Confirmed by Wayne Gard, Frontier Justice (Norman: Oklahoma University Press, 1949), pp. 183-88; Bancroft, Popular Tribunals, I, pp. 696-713; M. A. Lee- son. History of Montana. 1739-1885 (Chicago; Warner, Beers & Company, 1885), pp. 302-16; and McClure, Three Thousand Miles, pp. 286, 378-79, 391,et passim.
 Bancroft, Popular Tribunals, I, p. 694.
 An eyewitness account, presumably by Dimsdale himself, is printed in the Montana Post for June 17, 1865. It should be used in conjunction with the version given in his book. In the newspaper Keene is described as surrendering himself to a citizen, who then gave him over to the sheriff. (For this and certain other newspaper references used by me in this article I am indebted to Mr. John Hakola of the Historical Society of Montana, Helena.) Beidler uses the word "Committee" in such a way when telling of the Keene affair that I think he meant to show that the action ended as a Vigilante project, regardless of how it began: -- Sanders and Bertsche, X. Beidler, p. 115.A worthless rehash of the Dimsdale version appeared in the St. Louis Globe Democrat of October 11, 1889.
 Montana Post, August 5, 1865. In theory, felons could have been taken to the courts which were operating in the southern part of the Territory, but I think the Vigilantes were right in saying that the long delays which such a procedure entailed gave rise to further crime. They also said that district court juries never found capital offenders guilty. Contempt for the district courts was widespread, according to McClure: -Three Thousand Miles, pp. 332-35, 388, 411.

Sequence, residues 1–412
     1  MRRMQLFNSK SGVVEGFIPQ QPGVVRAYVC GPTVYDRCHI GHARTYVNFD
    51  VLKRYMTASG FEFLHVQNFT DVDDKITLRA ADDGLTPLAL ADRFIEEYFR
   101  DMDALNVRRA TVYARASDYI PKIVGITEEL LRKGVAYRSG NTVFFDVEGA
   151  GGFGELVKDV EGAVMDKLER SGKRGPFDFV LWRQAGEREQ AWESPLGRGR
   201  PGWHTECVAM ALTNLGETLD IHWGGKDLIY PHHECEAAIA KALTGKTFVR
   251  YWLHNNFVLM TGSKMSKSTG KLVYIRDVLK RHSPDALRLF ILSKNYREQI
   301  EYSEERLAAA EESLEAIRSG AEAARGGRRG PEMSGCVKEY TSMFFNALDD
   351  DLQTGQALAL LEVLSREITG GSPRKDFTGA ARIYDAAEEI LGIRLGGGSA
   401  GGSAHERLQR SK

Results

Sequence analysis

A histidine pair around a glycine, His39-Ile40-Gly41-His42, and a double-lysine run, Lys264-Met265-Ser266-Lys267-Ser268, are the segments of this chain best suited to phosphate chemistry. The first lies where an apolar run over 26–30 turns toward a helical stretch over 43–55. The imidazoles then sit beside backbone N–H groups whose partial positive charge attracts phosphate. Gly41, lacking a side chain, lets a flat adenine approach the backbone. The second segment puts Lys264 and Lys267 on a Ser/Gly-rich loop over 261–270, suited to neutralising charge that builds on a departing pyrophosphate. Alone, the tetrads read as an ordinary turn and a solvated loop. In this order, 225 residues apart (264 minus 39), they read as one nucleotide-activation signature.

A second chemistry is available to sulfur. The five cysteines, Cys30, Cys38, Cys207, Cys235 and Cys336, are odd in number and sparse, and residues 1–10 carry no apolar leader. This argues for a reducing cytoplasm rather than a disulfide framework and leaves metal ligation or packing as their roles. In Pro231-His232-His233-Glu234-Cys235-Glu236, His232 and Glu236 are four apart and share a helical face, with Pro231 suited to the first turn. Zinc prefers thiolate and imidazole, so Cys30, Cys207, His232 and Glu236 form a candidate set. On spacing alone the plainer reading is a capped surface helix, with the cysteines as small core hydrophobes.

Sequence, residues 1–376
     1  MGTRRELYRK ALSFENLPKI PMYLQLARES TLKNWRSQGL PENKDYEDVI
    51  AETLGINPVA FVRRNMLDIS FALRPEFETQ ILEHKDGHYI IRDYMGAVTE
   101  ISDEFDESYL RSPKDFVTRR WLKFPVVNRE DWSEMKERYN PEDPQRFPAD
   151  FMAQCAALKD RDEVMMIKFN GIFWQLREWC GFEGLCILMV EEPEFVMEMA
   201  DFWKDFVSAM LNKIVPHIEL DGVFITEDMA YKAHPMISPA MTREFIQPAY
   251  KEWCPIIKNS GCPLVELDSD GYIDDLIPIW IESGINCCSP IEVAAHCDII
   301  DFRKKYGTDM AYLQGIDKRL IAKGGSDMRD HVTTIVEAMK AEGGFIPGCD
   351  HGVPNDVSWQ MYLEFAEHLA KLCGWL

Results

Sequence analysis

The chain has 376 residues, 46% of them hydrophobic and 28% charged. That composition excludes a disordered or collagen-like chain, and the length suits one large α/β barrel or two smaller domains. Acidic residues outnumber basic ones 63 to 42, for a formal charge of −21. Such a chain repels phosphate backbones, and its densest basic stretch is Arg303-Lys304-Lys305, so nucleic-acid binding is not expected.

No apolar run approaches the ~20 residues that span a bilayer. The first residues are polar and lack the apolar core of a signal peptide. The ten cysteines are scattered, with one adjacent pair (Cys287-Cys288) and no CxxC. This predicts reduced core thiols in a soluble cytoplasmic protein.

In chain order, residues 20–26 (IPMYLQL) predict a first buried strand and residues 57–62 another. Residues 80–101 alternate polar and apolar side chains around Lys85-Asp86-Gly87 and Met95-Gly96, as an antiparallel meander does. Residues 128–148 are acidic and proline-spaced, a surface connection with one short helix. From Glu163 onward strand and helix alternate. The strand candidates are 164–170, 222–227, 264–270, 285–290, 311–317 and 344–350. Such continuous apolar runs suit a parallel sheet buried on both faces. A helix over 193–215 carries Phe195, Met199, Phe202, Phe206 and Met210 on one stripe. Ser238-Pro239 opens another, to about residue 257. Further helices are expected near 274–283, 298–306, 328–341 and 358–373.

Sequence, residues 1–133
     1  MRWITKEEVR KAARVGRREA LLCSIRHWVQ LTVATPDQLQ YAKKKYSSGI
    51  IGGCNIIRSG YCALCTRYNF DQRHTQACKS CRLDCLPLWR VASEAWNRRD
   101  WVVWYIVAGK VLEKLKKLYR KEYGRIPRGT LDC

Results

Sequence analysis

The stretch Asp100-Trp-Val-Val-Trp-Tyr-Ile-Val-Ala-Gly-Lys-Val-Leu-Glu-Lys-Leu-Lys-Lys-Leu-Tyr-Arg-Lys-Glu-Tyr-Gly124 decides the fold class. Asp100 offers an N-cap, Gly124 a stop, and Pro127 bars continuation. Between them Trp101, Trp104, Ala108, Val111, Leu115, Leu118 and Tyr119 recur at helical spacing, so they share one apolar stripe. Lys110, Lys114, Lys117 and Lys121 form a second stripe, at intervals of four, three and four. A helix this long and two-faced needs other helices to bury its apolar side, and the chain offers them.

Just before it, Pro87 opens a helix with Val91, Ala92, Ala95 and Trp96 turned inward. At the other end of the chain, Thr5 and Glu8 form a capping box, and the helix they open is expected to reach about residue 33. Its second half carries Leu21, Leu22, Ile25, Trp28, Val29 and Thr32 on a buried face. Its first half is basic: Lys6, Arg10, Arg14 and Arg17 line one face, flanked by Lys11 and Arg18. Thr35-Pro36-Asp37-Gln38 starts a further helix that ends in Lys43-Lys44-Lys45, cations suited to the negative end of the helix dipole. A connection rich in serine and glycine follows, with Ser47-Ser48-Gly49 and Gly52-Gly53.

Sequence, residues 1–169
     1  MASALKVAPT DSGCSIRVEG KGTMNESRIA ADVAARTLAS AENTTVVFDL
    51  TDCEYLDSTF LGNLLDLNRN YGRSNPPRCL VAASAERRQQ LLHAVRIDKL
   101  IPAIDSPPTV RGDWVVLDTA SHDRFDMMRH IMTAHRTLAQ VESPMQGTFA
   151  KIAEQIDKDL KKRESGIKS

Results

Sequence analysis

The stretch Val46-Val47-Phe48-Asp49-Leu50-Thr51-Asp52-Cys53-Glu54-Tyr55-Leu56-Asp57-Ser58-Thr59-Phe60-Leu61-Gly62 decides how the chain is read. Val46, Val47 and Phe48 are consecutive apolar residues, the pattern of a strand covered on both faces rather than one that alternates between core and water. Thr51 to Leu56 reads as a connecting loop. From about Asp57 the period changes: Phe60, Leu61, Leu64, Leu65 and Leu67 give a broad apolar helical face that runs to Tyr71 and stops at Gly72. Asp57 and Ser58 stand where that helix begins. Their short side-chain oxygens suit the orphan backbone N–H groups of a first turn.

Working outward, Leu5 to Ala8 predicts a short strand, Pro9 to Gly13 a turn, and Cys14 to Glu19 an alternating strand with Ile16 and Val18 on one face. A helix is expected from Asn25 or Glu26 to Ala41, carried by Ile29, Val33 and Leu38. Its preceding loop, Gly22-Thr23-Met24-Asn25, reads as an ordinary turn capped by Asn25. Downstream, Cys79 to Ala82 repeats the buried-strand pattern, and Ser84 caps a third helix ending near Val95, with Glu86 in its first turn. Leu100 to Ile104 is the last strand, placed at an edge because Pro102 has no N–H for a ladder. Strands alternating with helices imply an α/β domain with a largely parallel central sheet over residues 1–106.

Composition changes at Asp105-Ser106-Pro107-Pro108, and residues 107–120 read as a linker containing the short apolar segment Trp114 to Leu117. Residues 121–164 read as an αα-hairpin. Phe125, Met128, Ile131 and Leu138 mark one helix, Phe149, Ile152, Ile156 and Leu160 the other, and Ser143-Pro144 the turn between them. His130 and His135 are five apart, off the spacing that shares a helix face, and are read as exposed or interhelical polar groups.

This accounts for the otherwise puzzling inactivity of Chief Justice Edgerton of the Idaho court during 1863. His encouragement of the Vigilante movement is something else again.
 The appointment of Miles is reported by the Montana Post for February 18, 1865.
 Russell, Proceedings of the Montana Bar Association, p. 174.
 For example, the authority bestowed upon Governor Sargent of Mississippi Territory in 1798: -- Clarence E. Carter (ed.), The Territorial Papers of the United States, v. (Mississippi), p. 32; Sargent's Code (Jackson: Historical Records Survey, 1939), p. ii.
 Davis, "Hung For Contempt of Court," (Historical Society of Montana Library, Helena).